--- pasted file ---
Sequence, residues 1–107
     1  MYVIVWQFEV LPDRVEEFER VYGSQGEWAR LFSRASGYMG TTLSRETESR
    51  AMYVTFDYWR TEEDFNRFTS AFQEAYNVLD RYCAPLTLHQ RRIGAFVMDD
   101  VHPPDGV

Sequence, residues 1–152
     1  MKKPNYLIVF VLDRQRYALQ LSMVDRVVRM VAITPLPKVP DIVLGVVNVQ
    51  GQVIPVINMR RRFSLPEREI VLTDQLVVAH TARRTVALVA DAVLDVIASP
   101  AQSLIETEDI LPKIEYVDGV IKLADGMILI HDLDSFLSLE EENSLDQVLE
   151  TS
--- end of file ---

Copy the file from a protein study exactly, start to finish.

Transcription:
Sequence, residues 1–107
     1  MYVIVWQFEV LPDRVEEFER VYGSQGEWAR LFSRASGYMG TTLSRETESR
    51  AMYVTFDYWR TEEDFNRFTS AFQEAYNVLD RYCAPLTLHQ RRIGAFVMDD
   101  VHPPDGV

Sequence, residues 1–152
     1  MKKPNYLIVF VLDRQRYALQ LSMVDRVVRM VAITPLPKVP DIVLGVVNVQ
    51  GQVIPVINMR RRFSLPEREI VLTDQLVVAH TARRTVALVA DAVLDVIASP
   101  AQSLIETEDI LPKIEYVDGV IKLADGMILI HDLDSFLSLE EENSLDQVLE
   151  TS